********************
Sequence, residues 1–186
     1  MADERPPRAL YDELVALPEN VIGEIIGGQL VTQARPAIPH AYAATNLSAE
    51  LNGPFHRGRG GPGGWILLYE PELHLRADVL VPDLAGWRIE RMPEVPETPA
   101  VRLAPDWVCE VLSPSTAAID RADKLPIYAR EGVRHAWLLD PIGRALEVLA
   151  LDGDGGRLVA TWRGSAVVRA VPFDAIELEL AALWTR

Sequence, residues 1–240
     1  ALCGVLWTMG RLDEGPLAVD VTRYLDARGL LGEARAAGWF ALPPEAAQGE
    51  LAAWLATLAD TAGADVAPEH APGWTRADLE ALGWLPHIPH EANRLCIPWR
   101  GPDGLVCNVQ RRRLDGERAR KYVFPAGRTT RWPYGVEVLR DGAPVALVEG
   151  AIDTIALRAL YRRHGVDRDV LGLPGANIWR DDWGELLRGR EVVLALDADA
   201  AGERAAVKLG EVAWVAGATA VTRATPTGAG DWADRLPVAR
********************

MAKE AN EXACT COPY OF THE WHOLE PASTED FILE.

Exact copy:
Sequence, residues 1–186
     1  MADERPPRAL YDELVALPEN VIGEIIGGQL VTQARPAIPH AYAATNLSAE
    51  LNGPFHRGRG GPGGWILLYE PELHLRADVL VPDLAGWRIE RMPEVPETPA
   101  VRLAPDWVCE VLSPSTAAID RADKLPIYAR EGVRHAWLLD PIGRALEVLA
   151  LDGDGGRLVA TWRGSAVVRA VPFDAIELEL AALWTR

Sequence, residues 1–240
     1  ALCGVLWTMG RLDEGPLAVD VTRYLDARGL LGEARAAGWF ALPPEAAQGE
    51  LAAWLATLAD TAGADVAPEH APGWTRADLE ALGWLPHIPH EANRLCIPWR
   101  GPDGLVCNVQ RRRLDGERAR KYVFPAGRTT RWPYGVEVLR DGAPVALVEG
   151  AIDTIALRAL YRRHGVDRDV LGLPGANIWR DDWGELLRGR EVVLALDADA
   201  AGERAAVKLG EVAWVAGATA VTRATPTGAG DWADRLPVAR